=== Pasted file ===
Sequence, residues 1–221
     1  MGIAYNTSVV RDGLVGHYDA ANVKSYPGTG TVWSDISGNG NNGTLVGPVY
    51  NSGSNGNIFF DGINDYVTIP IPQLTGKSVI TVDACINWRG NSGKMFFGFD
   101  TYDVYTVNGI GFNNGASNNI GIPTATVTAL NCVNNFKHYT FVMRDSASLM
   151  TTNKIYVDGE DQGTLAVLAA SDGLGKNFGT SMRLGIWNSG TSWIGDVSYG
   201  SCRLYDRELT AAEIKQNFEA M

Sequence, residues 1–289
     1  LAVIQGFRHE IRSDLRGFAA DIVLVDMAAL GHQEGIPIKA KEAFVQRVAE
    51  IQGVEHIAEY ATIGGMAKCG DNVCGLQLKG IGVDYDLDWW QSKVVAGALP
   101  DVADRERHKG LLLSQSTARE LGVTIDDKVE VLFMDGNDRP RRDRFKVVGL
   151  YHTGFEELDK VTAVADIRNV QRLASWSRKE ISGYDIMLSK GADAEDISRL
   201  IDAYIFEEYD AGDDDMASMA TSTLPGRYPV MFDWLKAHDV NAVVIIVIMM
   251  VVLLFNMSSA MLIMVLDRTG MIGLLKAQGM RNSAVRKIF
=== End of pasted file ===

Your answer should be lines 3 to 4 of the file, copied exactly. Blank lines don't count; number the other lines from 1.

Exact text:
    51  NSGSNGNIFF DGINDYVTIP IPQLTGKSVI TVDACINWRG NSGKMFFGFD
   101  TYDVYTVNGI GFNNGASNNI GIPTATVTAL NCVNNFKHYT FVMRDSASLM